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Pesticides and Parkinson's: Covering Environmental Health in Your Community

Pesticides and Parkinson's: Covering Environmental Health in Your Community

Picture of Barbara Feder Ostrov

pesticides, parkinson's disease, Joy Horowitz, Beate Ritz, Barbara Feder Ostrov, reporting on health, environmental health, health journalism

Journalist Joy Horowitz has covered many stories in her day, but few were more challenging than her Sierra magazine story on the link between pesticide exposure and Parkinson's disease in rural California. Testing water samples for pesticide residue was arduous and expensive – but worth it in the end, she says.

Horowitz' story prompted Senator Dianne Feinstein's staff to call epidemiologist Beate Ritz, whose research sparked Horowitz' reporting, to discuss more regulation of pesticides.

"My journal article didn't get me the Feinstein call, not at all," Ritz said. "What I needed was someone to get the story out to the public. "There are lots of pesticides that have been created to kill pests, by affecting their nervous system, and they're probably not good for us either.

Horowitz and Ritz offered context and reporting tips on covering pesticides and other environmental health stories to California Endowment Health Journalism fellows gathered in Los Angeles this week for a reporting seminar. After finding that women exposed to freeway air pollution while pregnant were at higher risk for having lower birth-weight babies, Ritz turned her attention to pesticides, finding that Central California residents exposed to high levels of pesticides in water and air had a higher risk of Parkinson's disease.

Many readers will be outraged after reading Horowitz' story, which appeared in Sierra, the magazine of the Sierra Club. Here's an excerpt:

Some neurologists dub the 300-mile-long string of Central Valley farm towns between Bakersfield and Sacramento "Parkinson's Alley," and recently released statistics back them up. A study published last year by researchers at the University of California, Los Angeles, found that Central Valley residents under age 60 who lived near fields where the pesticides paraquat and maneb had been used between 1974 and 1999 had a Parkinson's rate nearly five times higher than other residents in the region.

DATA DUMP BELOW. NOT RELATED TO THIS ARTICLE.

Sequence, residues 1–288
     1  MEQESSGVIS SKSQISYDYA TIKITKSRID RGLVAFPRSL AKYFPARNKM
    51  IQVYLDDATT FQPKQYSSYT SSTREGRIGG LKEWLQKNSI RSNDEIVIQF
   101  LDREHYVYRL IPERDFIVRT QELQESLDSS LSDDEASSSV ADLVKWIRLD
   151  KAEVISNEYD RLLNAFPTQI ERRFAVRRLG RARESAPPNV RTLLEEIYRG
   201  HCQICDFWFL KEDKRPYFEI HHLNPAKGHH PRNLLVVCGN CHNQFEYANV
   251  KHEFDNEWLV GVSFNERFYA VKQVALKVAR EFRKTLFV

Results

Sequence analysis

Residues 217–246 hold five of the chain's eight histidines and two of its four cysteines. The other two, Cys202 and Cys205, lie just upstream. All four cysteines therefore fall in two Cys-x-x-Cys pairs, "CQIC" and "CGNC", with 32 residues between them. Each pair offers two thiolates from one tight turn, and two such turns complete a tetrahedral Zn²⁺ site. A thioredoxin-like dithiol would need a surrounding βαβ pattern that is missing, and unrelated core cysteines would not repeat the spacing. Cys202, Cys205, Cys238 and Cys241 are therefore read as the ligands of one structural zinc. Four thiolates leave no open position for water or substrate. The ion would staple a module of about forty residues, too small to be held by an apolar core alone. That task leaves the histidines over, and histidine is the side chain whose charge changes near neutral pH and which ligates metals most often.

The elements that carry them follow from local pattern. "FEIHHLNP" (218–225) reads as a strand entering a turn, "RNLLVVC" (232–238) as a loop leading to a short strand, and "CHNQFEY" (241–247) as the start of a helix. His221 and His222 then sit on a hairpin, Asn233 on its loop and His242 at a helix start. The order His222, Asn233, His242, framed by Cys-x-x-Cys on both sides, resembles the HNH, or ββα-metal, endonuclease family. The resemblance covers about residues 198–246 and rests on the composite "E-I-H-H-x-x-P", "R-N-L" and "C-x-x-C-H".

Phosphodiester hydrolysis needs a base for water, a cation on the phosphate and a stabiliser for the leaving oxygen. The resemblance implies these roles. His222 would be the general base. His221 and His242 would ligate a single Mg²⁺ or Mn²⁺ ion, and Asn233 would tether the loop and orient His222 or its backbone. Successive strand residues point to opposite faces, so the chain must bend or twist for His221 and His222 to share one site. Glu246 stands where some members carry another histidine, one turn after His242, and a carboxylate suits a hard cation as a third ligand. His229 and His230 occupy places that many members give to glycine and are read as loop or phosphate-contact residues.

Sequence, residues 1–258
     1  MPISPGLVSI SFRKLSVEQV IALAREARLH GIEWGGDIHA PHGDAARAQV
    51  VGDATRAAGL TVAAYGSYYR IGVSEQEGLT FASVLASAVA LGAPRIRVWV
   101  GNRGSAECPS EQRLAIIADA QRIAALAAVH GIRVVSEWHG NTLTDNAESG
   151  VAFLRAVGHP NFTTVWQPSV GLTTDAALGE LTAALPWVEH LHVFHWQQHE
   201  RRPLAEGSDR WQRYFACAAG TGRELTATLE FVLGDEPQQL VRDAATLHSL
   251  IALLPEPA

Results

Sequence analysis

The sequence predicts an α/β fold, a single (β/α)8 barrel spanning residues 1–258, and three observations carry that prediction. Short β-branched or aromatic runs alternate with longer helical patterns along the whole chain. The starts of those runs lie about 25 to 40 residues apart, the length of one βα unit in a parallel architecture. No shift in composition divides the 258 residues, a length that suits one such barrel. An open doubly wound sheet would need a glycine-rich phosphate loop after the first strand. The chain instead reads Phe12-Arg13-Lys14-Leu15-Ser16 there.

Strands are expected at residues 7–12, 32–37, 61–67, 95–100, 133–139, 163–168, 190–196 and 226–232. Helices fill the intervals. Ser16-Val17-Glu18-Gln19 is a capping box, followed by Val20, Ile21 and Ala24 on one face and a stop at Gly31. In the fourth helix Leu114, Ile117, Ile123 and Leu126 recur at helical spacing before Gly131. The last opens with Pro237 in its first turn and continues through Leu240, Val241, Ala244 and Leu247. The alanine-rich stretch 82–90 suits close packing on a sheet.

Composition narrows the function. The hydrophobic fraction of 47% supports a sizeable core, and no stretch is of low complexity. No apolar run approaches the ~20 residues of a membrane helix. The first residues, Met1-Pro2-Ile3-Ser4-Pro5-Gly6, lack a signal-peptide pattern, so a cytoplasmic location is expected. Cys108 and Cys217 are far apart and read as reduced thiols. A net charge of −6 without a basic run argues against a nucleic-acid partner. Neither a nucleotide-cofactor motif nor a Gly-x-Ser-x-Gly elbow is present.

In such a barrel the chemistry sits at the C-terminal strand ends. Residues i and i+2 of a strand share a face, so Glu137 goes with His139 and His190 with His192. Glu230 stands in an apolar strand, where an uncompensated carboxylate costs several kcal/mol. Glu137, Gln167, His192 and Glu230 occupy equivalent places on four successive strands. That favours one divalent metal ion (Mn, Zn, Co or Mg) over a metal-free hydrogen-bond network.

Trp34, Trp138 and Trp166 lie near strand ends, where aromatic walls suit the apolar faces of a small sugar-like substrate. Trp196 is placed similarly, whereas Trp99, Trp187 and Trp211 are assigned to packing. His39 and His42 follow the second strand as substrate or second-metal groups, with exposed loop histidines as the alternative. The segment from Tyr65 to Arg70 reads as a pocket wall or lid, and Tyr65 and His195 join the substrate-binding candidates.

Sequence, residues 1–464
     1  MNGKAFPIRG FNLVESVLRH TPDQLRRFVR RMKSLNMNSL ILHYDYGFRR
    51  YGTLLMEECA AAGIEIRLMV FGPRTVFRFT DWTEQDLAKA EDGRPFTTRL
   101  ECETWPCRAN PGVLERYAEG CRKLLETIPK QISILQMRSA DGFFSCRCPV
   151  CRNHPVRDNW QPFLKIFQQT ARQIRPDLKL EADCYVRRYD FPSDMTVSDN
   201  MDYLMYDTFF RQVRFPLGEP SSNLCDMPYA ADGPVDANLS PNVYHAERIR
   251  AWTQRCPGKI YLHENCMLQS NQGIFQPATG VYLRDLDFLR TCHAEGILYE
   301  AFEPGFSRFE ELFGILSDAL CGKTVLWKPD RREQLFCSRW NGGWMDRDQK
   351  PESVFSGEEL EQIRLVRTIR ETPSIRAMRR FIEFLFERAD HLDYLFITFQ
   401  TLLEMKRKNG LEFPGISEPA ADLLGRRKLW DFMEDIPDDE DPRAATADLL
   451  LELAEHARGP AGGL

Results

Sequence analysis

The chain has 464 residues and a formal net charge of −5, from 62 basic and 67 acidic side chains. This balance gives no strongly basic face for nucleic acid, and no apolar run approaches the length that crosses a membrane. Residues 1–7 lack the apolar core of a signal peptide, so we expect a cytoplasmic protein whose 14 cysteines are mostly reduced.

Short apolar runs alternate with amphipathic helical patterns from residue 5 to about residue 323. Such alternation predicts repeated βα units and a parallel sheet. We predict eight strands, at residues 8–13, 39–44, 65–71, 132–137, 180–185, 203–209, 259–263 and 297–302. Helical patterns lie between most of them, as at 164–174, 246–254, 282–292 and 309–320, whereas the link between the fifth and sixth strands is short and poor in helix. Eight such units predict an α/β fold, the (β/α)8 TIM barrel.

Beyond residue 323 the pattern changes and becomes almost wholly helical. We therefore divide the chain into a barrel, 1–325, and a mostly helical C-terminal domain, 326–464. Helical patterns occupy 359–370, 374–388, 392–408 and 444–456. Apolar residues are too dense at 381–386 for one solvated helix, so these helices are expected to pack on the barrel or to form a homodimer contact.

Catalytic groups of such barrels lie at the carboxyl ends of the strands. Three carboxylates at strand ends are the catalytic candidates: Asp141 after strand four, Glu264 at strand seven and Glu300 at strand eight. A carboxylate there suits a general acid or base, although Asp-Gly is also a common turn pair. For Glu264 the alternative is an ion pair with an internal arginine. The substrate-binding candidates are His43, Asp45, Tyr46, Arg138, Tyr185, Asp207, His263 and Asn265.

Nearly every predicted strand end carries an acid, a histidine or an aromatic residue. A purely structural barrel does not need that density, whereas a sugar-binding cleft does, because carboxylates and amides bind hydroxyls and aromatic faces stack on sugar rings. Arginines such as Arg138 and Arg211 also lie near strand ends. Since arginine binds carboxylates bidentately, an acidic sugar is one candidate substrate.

Horowitz felt that outrage herself while reporting.

"No federal or state standards regulate domestic well water. That's crazy," Horowitz said. "Ground water, mostly from private wells, is the main source of drinking water for 43 million Americans.

She found that while state regulators tested 139 wells and found pesticides in 103 of them, they wouldn't disclose the locations of the tainted wells "because of terrorism concerns."

"That really infuriated me," Horowitz said. "Getting pissed off is what gets me going. "

Ritz and Horowitz offered these reporting tips:

1. Find a guide. If you choose to write about pesticides, make sure you have somebody at a school of public health in your area or somebody who can help translate scientific information for you. It's so easy to get trapped in the emotion of this, to find someone who's ill who says it's because of pesticides," Horowitz said. In short: you need science to back up your story.

2 Who are the regulators? Know who has jurisdiction over ground water in your community and ask what laws do or don't apply to groundwater contamination. What is the history of these laws? Have they been watered down over time? By whom?

3. Who are the advocates or whistleblowers? Advocates can come from unlikely places: farmworker rights groups, patient or caregiver support groups, homeowners groups or concerned scientists. They can help you find people who are

4. Who wants the status quo? Agricultural businesses and sympathetic lawmakers have been trying to weaken the state's monitoring system for pesticide use and residues, in part by cutting funding for the agency in charge of the system, Ritz said.

Reporting Resources:

Well Water Consumption and Parkinson's Disease in Rural California

Taking Water Samples: Lessons from the Field

Pesticides and Parkinson's Disease in California's Central Valley

Covering Environmental Health: Tips for Journalists

Employing Human Testing to Tell Stories about Environmental Health Risk

Photo credit: jetsandzeppelins via Flickr

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